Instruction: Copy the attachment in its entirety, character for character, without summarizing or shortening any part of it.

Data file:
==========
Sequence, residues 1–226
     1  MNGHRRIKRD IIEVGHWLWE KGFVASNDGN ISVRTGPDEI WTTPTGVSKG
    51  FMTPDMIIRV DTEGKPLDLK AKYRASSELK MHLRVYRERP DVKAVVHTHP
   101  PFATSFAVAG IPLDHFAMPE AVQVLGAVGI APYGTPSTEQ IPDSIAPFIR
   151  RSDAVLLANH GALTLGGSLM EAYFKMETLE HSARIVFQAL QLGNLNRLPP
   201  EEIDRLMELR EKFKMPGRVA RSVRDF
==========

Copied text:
Sequence, residues 1–226
     1  MNGHRRIKRD IIEVGHWLWE KGFVASNDGN ISVRTGPDEI WTTPTGVSKG
    51  FMTPDMIIRV DTEGKPLDLK AKYRASSELK MHLRVYRERP DVKAVVHTHP
   101  PFATSFAVAG IPLDHFAMPE AVQVLGAVGI APYGTPSTEQ IPDSIAPFIR
   151  RSDAVLLANH GALTLGGSLM EAYFKMETLE HSARIVFQAL QLGNLNRLPP
   201  EEIDRLMELR EKFKMPGRVA RSVRDF